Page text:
Wednesday, December 06, 2006

GF/CF diet

Translated: Gluten Free/Casein Free. Gluten: think wheat, rye, barley and any derivitives thereof. Casein: a protein in dairy products. Think milk, cheese, pudding, ice cream, chocolate...

The GF/CF diet is part of the world of biomedical treatments available for people with autism. The theory is that these kids, due to their compromised digestion, have something called a leaky gut. While digesting food, esp. gluten & casein, these proteins leak out of the intestines and into the bloodstream, where they eventually end up in the brain. The brain reacts like it's on drugs - a narcotic effect. Some kids have major digestion troubles and allergies, and are constantly sick or have loose stools and are grumpy, and might not even sleep through the night because of acid reflux. Many of these kids crave these foods and eat them exclusively, even though they are so damaging to their bodies. This is the theory, in a nutshell.

Rob & I have dug in our heels about going down this road for T because he is a happy guy with normal bowel movements and who eats a good, balanced diet (well, practically no veggies, but what 5 year old likes veggies? Okay, if your 5 year old does, that's amazing and fantastic. I don't want to hear about it!) He sleeps through the night and just doesn't fit the usual description of the kids who really benefit from this diet.

But what about the narcotic effect? Some kids present no outward symptoms of these food "allergies", but just act stoned/spacy all the time. Oh geez.

If I'm honest, I must also admit that I really don't want to do this diet. No wheat? There goes his sandwiches, cookies, Goldfish crackers, pretzels, pancakes, waffles...basically all his favorite foods. No dairy? Okay, that's a little easier, but he really enjoys the one cup of milk he has a day, loves string cheese and mows through macaroni & cheese like he's me (I STILL love Kraft mac & cheese!) There are substitutes for most of these items at our local health food stores, but great scott are they expensive.

So why am I writing about it? I am a believer in messages. A friend with an autistic son has been doing this diet for awhile for him, and she says she sees great improvement in his behaviors. My sister is having lots of trouble with food and digesting lately and had some testing done - the result: she's on a GF/CF diet, and has discovered some pretty major food allergies in addition. And yet another new friend has her son on the diet, and believes firmly that it has helped him - and I must admit, her son is doing amazingly well. So when she told me that the doctor that is the expert on these biomedical treatments up in the Big City north of here was having a parent information night - and that we should go - I looked to Heaven and said "All RIGHT already! I'll go. Grr."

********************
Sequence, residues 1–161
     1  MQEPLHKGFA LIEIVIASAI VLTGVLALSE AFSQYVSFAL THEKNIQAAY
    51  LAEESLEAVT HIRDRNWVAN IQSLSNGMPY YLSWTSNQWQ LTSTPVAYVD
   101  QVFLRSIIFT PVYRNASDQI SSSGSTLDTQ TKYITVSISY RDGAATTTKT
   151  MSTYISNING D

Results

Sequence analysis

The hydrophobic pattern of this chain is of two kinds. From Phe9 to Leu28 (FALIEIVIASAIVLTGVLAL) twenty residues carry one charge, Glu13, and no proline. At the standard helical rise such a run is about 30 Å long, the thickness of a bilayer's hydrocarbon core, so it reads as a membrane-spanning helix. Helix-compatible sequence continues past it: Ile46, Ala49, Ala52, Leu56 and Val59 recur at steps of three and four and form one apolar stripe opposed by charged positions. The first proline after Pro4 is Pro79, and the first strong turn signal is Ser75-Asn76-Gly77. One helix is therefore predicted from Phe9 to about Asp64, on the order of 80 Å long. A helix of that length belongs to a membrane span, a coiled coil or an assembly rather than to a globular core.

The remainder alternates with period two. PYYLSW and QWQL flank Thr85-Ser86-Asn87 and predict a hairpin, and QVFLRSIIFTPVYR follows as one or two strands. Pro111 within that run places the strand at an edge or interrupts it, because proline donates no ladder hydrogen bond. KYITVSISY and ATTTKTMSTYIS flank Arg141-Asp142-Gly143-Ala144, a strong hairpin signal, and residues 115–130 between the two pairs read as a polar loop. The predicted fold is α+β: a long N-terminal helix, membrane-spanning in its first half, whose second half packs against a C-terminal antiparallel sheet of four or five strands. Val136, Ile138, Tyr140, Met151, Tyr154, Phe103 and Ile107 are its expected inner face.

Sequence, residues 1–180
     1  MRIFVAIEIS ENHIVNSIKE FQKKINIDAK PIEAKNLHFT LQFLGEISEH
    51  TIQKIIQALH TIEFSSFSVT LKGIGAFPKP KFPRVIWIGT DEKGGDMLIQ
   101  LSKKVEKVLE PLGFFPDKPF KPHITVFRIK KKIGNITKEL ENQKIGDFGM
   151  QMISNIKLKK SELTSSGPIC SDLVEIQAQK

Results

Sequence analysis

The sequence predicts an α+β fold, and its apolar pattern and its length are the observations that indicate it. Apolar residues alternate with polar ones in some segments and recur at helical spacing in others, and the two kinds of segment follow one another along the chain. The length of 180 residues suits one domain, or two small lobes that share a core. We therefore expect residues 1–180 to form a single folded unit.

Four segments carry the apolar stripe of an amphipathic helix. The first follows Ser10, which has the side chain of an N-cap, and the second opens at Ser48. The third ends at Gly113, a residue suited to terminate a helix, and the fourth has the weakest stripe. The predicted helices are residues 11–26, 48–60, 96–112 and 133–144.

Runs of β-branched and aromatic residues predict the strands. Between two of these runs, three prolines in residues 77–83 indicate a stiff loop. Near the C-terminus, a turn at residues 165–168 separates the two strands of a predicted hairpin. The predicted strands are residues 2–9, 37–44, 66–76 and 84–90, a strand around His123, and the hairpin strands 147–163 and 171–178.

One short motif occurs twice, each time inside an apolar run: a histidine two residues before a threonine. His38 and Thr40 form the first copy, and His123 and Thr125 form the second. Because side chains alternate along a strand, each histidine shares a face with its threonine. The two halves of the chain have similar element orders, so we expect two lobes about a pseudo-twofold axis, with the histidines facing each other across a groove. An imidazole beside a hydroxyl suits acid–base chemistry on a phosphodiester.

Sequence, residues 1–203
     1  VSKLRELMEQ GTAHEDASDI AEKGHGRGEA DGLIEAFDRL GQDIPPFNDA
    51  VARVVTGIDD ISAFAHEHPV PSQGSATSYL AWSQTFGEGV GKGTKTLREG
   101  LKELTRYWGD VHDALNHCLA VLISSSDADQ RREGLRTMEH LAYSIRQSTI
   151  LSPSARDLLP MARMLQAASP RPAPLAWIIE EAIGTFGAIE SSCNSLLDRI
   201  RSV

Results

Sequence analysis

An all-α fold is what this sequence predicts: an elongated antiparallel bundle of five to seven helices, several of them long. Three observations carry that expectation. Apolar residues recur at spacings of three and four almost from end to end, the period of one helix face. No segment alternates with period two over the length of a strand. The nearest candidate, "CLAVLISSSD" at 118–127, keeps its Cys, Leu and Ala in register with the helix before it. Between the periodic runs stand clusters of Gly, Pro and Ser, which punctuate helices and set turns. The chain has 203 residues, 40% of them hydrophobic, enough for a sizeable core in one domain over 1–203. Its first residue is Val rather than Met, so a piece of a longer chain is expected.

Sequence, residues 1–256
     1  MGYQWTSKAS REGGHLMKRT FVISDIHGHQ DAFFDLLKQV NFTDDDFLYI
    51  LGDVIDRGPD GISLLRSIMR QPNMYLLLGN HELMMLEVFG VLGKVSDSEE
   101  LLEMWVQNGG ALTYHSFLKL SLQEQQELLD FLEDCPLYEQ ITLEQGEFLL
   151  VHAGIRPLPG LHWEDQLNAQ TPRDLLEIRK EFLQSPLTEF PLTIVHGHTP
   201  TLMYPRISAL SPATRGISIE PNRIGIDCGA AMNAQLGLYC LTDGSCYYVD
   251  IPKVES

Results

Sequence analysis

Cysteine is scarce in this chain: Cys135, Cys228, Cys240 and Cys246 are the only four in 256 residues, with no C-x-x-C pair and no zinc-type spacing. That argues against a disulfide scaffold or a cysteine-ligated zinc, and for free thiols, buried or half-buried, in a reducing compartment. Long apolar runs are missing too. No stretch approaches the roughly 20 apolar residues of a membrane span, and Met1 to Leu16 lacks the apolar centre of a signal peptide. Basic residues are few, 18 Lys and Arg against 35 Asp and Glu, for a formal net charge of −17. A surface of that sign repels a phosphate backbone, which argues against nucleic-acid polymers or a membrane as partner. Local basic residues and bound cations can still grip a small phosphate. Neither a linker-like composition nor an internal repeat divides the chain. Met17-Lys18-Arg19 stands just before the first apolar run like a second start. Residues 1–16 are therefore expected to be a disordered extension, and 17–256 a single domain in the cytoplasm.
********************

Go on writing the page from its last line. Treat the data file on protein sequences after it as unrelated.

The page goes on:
I just don't want to leave any stone unturned.

I also know that every medical treatment is experimental at first. And as the treatments are done, there is only anecdotal evidence at first. This is how it goes. There is research being done, but the medical community is not of one voice on these treatments yet.

So Rob & I went to the parent information night last week. We went being skeptical, to say the least. But this woman (an M.D., sorry all you D.O.s out there) said the magic words for us: "This is NOT a cure. But this may help your child." And: "I don't want you to leave your pediatician. I will work with your pediatician on a consulting basis." Further: she doesn't have her own line of products to sell. In fact, she learned about these treatments when her daughter, who has Asberger's Syndrome, wasn't responding to traditional therapies. So she started researching alternative treatments, and long story short, she's a believer because it worked for her daughter. She now commits one day/week in her practice to autism because she believes so strongly in these treatments - and the more kids she treats, the more she sees that it works.


So, T is worth it. If it may help him, we owe it to him to give it a try. So we will.

What I'm finding interesting is my grieving for his diet, and what he'll miss! I would just be heartbroken if I missed all the Christmas cookies and dilectable treats this season. But how silly is that? I'm really not sure that he remembers the cookies from last year, and I could make him some of his own very special cookies made from almond flour. But isn't that funny? I'm projecting my desire for those cookies on him, and I'm considering delaying this just so he can have some sugar cookies!

Another lesson I'm learning again & again: do what's best for him, not what I would want for myself. What's best for him usually isn't something I would chose for myself.


EA said...

"Another lesson I'm learning again & again: do what's best for him, not what I would want for myself. What's best for him usually isn't something I would chose for myself."

Food is such a big deal for me. This seems so tough, but me too on the lesson above in my music psychotherapy is so humbling for me.

nonie said...

You have good intuitive skills.
Trying this approach may have benefits for T...but, if afterall, the diet creates issues that were not there before, maybe this is one approach that goes into the " tried that, not right for T" catagory. Ultimately it will work out to be what is best for all.

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